The first ladies of finance
How the relationship between Janet Yellen and Christine Lagarde could shape our economic destiny
In the first in a series of dispatches examining the human stories behind the business and financial trends now shaping America, we swoop in on the relationship between two women who have the world's financial future in their hands. What makes them tick?
Pleased to meet you?
"History is the biography of great men," argued 19th century British historian, Thomas Carlyle. Yet, it is also shaped by the personal relationships that are struck up by people in power. What great empires have been lost, or nations' destinies altered by a perceived snub or a clumsy placement at dinner? Consider the great consequences for the world order that sprang from Margaret Thatcher's 1984 observation, "I like Mr. Gorbachev. We can do business together". Arguably the relationship with the most at stake for the world economy at present is between the French‐born head of the International Monetary Fund, Christine Lagarde, and the chair of the US Federal Reserve, Janet Yellen. Aside from its obvious interest to students of gender politics (both women made history with their appointments), the strength of their rapport is critical for markets globally – poised as they currently are on the timing of the Fed's first interest rate rise since 2006, after nearly seven years of zero rates.
Hitching a ride
Fortunately, we can report that things seem to be going well. Both policymakers are credited with being unstuffy and laughing easily. Indeed, they hitched a ride together at last year's G20 meeting in Sydney, after which Lagarde observed that Yellen is "a very talented, very competent, very friendly woman whom I greatly respect and admire". As a further twist, Yellen's husband, the Nobel‐prize winning economist George Akerlof, is a senior resident scholar at the IMF, which makes Lagarde his boss.
But we have seen glimmers of differences – however politely they have been expressed in the nuance‐filled terminology of central bankers. In June, the IMF urged the Fed to wait until next year to raise interest rates, cautioning that there was too much uncertainty to justify an immediate hike. After the "taper tantrum" of 2013 – when even the hint that the US would begin trimming its quantitative easing programme caused massive market upheavals globally – Lagarde had every reason to be concerned about a "premature" rise. But her admonition that the US be "mindful" of the impact on other economies, and her warning that the Fed's "credibility" was at stake, was interpreted by some as a slight dig.
Voted the best finance minister in Europe by the Financial Times in 2009, Lagarde has long been a force to be reckoned with. The IMF's sometimes controversial embroilment in the protracted Greek debt crisis might have diminished her star in the eyes of some. But according to former IMF chief economist, Christine Lagarde & Janet Yellen at the International Monetary Fund (IMF) 02 July 2014, Washington, DC In the fi rst in a series of dispatches examining the human stories behind the business and financial trends now shaping America, we swoop in on the relationship between two women who have the world's financial future in their hands. What makes them tick? Kenneth Rogoff: "she is enormously impressive, politically astute and a strong personality. At finance meetings all over the world, she is treated practically like a rock star".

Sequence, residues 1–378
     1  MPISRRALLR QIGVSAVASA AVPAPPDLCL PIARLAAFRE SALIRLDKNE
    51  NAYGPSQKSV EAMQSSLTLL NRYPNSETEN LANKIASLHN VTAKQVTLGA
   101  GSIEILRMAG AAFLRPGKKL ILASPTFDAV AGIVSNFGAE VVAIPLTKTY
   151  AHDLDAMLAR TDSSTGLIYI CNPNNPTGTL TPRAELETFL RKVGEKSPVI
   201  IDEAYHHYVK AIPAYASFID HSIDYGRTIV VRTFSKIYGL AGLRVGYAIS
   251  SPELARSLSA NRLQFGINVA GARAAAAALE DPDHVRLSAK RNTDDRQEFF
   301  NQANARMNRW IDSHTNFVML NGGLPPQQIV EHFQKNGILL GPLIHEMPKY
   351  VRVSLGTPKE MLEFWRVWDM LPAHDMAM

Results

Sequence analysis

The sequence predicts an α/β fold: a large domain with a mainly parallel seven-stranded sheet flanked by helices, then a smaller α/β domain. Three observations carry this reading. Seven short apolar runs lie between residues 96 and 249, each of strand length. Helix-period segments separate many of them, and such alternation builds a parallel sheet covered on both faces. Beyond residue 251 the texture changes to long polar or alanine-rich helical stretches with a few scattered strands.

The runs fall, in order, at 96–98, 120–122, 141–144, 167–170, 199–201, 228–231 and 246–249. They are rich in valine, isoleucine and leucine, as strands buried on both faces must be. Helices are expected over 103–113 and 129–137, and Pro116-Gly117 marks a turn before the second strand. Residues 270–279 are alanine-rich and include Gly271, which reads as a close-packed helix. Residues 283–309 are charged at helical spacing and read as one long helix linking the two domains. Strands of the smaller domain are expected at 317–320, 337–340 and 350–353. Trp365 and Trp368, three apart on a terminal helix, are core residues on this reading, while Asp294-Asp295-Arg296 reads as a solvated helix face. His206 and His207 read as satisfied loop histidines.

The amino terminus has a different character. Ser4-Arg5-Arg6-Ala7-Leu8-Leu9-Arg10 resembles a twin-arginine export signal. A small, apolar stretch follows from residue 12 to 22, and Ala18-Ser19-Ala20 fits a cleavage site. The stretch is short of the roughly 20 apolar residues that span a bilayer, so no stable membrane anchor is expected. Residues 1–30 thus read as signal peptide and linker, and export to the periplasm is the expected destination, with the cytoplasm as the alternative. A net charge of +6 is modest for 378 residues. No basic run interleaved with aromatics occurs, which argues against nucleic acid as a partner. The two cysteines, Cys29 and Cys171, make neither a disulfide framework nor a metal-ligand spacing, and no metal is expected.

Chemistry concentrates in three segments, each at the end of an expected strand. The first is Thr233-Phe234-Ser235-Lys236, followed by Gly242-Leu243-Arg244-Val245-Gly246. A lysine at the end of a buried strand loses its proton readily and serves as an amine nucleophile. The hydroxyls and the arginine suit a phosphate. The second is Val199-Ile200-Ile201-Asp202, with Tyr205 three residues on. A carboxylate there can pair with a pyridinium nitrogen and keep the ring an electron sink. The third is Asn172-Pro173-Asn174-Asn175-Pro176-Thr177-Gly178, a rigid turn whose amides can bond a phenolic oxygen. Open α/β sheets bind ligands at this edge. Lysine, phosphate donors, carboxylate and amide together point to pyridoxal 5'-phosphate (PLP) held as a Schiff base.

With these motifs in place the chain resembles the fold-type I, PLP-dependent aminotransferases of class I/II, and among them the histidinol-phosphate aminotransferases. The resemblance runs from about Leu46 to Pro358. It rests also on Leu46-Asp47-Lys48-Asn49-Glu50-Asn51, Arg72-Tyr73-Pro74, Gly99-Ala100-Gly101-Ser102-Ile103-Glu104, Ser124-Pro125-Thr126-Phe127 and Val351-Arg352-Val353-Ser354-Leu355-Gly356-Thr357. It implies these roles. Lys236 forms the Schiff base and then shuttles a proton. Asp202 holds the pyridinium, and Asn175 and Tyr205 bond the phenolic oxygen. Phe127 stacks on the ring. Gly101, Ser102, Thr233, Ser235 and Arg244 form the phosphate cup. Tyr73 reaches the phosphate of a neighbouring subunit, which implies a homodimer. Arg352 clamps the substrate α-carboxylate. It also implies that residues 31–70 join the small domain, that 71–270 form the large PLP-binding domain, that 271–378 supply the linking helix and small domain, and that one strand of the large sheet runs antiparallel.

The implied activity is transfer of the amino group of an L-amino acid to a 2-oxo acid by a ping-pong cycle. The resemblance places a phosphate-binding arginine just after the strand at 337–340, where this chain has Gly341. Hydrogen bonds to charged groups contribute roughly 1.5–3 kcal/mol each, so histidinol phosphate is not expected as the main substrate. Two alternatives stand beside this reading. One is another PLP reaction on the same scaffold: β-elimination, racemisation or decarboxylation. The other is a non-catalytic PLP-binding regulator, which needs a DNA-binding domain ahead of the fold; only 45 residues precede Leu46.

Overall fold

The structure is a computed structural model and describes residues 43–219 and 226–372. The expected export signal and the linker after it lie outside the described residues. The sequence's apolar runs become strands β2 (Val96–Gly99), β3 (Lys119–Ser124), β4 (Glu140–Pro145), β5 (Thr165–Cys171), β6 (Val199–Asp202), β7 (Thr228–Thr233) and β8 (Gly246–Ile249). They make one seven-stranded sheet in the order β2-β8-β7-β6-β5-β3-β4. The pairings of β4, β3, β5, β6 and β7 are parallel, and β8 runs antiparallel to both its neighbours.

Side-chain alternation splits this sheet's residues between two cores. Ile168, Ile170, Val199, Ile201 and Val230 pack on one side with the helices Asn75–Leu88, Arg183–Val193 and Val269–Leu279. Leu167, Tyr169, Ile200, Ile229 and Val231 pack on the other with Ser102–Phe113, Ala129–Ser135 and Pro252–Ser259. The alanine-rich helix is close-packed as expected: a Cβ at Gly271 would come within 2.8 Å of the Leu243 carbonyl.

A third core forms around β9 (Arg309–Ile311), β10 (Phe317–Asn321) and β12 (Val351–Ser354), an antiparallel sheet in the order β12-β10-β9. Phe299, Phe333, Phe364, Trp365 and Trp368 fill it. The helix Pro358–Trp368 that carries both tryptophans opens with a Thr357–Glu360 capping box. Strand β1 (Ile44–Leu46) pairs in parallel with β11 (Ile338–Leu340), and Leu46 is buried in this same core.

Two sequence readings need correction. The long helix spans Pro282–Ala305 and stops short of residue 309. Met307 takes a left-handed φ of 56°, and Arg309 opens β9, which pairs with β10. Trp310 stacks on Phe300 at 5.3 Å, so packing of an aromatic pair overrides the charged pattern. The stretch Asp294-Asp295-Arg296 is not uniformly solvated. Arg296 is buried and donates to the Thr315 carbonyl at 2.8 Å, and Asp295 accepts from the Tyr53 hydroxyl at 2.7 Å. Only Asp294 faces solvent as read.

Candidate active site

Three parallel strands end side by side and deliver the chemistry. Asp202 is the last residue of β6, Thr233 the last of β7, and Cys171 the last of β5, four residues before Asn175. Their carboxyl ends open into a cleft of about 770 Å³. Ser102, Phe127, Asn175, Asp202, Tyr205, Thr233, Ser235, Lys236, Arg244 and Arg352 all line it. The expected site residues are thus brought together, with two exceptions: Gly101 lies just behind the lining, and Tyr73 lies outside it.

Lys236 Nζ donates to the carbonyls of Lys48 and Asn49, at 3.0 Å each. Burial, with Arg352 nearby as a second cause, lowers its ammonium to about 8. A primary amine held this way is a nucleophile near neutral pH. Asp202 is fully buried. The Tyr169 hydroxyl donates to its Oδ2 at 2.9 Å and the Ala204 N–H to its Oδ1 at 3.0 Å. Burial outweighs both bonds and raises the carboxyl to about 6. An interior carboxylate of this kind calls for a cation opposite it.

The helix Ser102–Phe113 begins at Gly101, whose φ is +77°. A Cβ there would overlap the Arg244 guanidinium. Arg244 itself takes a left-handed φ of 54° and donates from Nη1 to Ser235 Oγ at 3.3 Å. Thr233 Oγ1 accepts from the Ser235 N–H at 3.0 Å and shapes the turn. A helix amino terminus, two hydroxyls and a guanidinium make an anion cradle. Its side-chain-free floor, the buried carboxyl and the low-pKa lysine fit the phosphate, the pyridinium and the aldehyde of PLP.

Yet with the US recovery apparently on track; stock markets and other asset prices looking toppy, and fears of inflation surfacing, Yellen isn't going to be pushed around. When she was appointed to the job in 2013, her Keynesian background and "doveish" (or nonhardline) outlook on inflation caused one Nomura banker to observe that "if Karl Marx had been in charge of the world, he would have appointed Janet Yellen as his central banker". However, history shows that Yellen, a down to earth Brooklyn native, who regards herself "as being in the prime of a late blooming career", is quite capable of turning "hawkish" when circumstances demand. Indeed, before taking the top job at the Federal Reserve, she was credited with having chalked up more "hours" in monetary policy than any other Fed chief in history. In 1996, she strode into Fed chief Alan Greenspan's office to demand higher rates to counteract the overheating economy. "There was an awkward silence," recalls a colleague. Greenspan, to his later regret, ignored her advice.
Grappling with governance
Even assuming the two policymakers can forge a smooth route on interest rates, their relationship may yet be tested by another, perhaps more intractable, problem: the refusal of US Congress to ratify IMF reforms that would give new economies a greater role in global governance. Lagarde deems the reform "critical to strengthen the fund's credibility, legitimacy and effectiveness". Indeed, without it, the likely response of emerging economies is to seek to develop alternative institutions. The proposed BRICS Bank, for example is threatening the role of currently western‐ dominated organisations like the IMF and the World Bank as linchpins of the international finance system. In a recent blow to the US, the IMF under Lagarde gave full backing to the new Asian Infrastructure Investment Bank – a new organisation dominated by China, which Washington had tried to block.
So, how close to Lagarde is Yellen on the vexed question of IMF reform? We don't know as yet, but with the future of America's influence in the world at stake, a lot depends on how these particular two ladies lunch. The eminent Yale economist, Robert Shiller, once observed that Yellen has "a sort of gentle firmness". It will be interesting to see it tested.